If you are trying to teach others about writing poetry, how should they get a start? Will they set out to rhyme? Will they rely on imagery? Will they make a list of words they have to use? Will they use magnetic poetry as a tool? Will they be offended if their funny poem doesn't make anyone laugh?
If you can make the time, there are several poetry-building tools for your perusal. For example, Read Write Think is a top-notch resource for accessible activities. One of their most popular games is Word Mover-- a bit like using magnetic poetry, with the capability of resetting a word bank and including our own vocabulary. Other options include ReadWorks' lesson on rhythm for 1st grade and LearnZillion's learning-to-read poetry post for 3rd grade. For reluctant readers, try the PBS Haiku game or the Fun/Games page on the Shel Silverstein website. For specific lesson plans, try using Poetry Archive or the National Education Association.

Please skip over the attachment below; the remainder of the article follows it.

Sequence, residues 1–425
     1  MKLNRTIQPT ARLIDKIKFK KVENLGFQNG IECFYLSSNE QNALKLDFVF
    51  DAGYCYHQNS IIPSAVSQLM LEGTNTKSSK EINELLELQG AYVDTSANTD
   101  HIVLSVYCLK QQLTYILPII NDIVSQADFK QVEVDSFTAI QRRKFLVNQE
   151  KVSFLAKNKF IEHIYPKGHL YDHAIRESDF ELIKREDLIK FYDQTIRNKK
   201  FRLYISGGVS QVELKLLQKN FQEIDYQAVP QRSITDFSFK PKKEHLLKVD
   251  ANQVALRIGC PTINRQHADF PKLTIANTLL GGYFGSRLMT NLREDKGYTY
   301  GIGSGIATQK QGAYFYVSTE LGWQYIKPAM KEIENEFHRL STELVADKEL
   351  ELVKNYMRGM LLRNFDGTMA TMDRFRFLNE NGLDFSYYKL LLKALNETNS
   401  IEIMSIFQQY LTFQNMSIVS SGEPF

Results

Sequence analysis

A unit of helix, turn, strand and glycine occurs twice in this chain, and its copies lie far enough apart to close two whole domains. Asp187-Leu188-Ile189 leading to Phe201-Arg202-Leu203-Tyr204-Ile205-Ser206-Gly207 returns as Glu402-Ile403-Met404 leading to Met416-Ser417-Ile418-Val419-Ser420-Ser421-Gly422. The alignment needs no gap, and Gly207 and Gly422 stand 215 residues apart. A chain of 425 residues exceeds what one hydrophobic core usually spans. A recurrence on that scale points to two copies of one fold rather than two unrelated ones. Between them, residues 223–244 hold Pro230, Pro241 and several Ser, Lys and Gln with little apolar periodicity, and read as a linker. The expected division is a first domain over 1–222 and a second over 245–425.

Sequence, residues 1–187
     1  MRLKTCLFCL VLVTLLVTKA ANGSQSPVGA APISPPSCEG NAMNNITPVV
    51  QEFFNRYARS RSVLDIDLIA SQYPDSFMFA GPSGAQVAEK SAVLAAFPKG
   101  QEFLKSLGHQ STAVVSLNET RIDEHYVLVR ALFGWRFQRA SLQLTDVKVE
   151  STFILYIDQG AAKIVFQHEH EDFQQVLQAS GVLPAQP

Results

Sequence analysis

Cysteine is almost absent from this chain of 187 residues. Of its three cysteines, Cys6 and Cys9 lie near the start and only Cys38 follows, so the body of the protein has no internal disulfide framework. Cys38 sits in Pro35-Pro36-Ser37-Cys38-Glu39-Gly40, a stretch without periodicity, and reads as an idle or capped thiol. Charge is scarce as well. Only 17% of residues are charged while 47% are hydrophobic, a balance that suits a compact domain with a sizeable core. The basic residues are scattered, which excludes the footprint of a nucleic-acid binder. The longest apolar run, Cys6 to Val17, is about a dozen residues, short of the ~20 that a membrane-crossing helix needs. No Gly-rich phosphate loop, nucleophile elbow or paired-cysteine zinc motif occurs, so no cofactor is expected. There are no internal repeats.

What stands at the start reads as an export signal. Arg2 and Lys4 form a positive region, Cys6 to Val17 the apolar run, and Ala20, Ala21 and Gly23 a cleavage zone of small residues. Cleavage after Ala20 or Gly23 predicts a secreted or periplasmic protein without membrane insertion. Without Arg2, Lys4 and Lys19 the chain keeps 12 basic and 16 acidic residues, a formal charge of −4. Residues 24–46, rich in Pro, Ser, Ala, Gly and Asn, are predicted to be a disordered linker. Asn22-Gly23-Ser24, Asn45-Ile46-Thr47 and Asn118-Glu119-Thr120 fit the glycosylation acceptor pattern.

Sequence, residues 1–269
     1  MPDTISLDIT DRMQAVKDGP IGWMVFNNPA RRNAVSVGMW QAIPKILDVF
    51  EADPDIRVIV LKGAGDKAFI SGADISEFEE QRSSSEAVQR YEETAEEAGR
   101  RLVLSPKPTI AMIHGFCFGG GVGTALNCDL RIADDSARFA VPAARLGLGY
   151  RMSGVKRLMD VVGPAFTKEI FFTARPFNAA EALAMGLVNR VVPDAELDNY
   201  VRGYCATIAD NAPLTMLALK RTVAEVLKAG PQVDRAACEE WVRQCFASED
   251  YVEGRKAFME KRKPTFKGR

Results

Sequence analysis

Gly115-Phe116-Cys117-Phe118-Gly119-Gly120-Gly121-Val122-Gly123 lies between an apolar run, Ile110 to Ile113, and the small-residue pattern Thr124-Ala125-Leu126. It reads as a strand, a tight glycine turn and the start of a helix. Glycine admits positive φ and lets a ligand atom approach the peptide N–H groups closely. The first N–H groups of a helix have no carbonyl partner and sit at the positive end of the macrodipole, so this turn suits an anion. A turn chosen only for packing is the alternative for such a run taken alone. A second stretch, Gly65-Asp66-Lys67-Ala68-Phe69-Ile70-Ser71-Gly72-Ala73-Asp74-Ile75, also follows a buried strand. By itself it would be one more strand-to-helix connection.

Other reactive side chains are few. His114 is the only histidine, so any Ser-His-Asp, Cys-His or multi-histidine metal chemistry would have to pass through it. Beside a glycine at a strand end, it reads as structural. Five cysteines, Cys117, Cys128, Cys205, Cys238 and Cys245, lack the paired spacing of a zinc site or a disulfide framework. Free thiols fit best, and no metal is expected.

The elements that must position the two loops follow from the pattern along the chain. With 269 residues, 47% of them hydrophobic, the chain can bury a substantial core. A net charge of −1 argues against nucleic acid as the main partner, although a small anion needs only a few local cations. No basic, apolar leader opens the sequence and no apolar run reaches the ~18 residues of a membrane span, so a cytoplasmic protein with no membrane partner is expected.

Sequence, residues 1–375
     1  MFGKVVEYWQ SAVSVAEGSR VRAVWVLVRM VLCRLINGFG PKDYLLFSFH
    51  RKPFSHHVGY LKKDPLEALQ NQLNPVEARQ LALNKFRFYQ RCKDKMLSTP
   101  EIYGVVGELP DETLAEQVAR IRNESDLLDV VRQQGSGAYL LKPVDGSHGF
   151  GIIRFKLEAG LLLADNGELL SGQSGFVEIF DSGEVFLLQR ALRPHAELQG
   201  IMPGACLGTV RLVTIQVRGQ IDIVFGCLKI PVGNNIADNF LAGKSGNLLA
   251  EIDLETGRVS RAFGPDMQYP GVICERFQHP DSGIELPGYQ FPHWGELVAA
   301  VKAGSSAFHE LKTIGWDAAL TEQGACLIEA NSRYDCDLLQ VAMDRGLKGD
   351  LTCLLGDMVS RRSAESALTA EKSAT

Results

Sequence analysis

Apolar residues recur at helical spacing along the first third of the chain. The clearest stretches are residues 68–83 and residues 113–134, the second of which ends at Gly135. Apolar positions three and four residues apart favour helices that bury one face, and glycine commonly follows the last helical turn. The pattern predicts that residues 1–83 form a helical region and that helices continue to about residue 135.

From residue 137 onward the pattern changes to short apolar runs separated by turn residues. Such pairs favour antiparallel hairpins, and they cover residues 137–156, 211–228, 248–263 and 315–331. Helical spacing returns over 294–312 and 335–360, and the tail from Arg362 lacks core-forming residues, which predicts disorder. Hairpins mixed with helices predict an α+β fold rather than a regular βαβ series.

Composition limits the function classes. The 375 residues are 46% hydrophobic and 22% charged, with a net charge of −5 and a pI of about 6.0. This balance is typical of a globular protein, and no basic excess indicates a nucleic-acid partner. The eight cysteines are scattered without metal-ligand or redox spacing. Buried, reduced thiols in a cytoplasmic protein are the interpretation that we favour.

And if students don't finish writing their poems, there is always the Paul Valery quote, "A poem is never finished, only abandoned."